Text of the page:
“Turkey cannot permit a fait accompli, there is no question of accepting such a thing in Syria,” Turkish President Abdullah Gul said in televised comments in eastern Turkey.
“We cannot allow Syria, which is faced with major chaos, to disintegrate,” Gul said.
For three decades, Turkey has been embroiled in a deadly Kurdish insurgency on its soil.
It shares a border with Syria and fears a de facto Kurdish state there — similar to one already established in neighboring Iraq — could provide a rear base of operations for Turkish Kurd guerrillas.
On Monday, Kurdish militia dominated by a party close to Turkey’s main Kurdish grouping declared provisional self-rule in Syrian areas under their control.
The move raised alarm in Ankara, whose campaign against the rebel Kurdistan Workers Party (PKK) has left more than 40,000 people dead. It is currently involved in the latest attempt to strike a peace deal with the outlawed group.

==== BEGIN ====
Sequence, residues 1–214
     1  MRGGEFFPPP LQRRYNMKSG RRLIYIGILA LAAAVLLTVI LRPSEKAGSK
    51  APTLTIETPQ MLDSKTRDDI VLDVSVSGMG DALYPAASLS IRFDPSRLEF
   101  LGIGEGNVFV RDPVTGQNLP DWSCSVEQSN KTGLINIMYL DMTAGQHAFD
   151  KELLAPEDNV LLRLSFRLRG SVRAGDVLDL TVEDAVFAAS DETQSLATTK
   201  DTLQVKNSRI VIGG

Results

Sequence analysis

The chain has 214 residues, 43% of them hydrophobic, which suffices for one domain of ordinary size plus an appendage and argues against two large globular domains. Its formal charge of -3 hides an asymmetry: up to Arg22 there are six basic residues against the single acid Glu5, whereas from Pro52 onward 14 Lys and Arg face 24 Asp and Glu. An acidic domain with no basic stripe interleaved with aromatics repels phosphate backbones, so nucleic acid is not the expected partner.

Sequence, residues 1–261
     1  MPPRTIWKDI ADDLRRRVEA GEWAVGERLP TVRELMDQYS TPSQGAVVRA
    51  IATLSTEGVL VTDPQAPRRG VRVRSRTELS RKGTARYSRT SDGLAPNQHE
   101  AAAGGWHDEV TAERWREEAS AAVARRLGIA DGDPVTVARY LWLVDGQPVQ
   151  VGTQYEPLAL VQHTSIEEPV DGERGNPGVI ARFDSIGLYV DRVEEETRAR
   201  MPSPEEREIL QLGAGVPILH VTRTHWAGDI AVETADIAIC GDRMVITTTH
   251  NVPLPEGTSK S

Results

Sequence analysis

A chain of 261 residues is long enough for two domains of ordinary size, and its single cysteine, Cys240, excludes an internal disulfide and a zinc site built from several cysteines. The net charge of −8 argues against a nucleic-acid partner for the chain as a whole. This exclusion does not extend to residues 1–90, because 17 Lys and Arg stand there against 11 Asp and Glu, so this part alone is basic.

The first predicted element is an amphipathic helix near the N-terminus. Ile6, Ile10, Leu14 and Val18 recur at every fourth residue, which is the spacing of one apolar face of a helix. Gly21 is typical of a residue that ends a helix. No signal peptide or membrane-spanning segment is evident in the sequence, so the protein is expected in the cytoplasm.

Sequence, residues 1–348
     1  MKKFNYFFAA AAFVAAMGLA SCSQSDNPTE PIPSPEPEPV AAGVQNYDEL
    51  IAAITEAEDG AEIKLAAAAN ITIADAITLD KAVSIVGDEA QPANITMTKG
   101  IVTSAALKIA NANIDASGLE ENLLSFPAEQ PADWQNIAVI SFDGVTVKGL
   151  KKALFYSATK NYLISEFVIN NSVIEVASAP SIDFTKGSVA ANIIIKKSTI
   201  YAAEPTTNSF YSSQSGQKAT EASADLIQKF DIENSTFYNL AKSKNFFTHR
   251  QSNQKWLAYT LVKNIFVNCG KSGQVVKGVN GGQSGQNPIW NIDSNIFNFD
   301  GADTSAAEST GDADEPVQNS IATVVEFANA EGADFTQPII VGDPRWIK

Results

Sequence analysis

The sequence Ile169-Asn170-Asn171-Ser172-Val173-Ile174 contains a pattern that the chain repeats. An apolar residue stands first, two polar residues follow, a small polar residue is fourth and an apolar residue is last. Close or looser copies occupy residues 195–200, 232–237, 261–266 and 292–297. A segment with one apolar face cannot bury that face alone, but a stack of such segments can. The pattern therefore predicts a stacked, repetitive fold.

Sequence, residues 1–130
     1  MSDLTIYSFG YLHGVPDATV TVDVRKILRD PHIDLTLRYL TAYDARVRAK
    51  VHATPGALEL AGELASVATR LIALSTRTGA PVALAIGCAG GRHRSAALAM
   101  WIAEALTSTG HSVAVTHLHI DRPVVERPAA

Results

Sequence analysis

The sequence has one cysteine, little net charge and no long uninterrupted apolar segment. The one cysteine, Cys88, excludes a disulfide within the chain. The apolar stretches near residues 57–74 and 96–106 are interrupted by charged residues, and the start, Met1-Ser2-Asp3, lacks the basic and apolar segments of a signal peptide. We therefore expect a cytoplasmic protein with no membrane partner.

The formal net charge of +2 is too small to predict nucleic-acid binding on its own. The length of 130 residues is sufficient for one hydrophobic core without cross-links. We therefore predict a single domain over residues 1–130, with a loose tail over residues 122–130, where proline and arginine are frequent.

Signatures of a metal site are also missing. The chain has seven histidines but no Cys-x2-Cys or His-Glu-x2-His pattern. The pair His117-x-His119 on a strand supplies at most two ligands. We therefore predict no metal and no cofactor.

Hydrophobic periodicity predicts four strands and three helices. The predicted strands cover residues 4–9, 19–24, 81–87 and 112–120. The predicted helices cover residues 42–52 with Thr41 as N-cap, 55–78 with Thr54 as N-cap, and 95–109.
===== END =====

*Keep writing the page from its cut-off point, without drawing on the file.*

The Syrian Kurdish militia, dominated by a PKK sister party, the Democratic Union Party, hold large chunks of northwestern Syria near the Turkish border.
The Syrian Kurd declaration was blasted by the main Syrian opposition alliance, which dubbed the Kurdish groups “hostile” forces.
The opposition Syrian National Coalition is dominated by Sunni Arabs. It has been at pains to keep the Kurds on its side in the two-and-a-half-year uprising against the regime of President Bashar al-Assad.
Its main faction, the Syrian National Council, even named secular Kurdish dissident Abdulbaset Sayda as its leader last year.
But mounting violence between the Kurds and Al-Qaeda loyalists — who form a major battlefield force in the rebellion — has sparked a deepening rift between the Kurds and the mainstream opposition.
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